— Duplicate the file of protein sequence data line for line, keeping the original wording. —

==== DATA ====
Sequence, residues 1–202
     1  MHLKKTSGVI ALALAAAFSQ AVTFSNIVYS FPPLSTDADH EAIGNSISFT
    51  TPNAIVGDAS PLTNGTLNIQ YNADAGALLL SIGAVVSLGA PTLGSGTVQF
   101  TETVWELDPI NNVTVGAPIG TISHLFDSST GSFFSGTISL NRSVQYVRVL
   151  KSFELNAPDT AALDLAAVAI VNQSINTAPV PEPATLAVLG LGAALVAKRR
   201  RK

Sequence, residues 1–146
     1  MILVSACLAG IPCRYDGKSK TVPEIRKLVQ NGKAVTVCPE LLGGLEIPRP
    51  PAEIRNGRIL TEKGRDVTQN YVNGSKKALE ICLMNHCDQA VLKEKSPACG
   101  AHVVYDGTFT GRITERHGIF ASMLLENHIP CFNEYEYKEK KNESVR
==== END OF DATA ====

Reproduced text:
Sequence, residues 1–202
     1  MHLKKTSGVI ALALAAAFSQ AVTFSNIVYS FPPLSTDADH EAIGNSISFT
    51  TPNAIVGDAS PLTNGTLNIQ YNADAGALLL SIGAVVSLGA PTLGSGTVQF
   101  TETVWELDPI NNVTVGAPIG TISHLFDSST GSFFSGTISL NRSVQYVRVL
   151  KSFELNAPDT AALDLAAVAI VNQSINTAPV PEPATLAVLG LGAALVAKRR
   201  RK

Sequence, residues 1–146
     1  MILVSACLAG IPCRYDGKSK TVPEIRKLVQ NGKAVTVCPE LLGGLEIPRP
    51  PAEIRNGRIL TEKGRDVTQN YVNGSKKALE ICLMNHCDQA VLKEKSPACG
   101  AHVVYDGTFT GRITERHGIF ASMLLENHIP CFNEYEYKEK KNESVR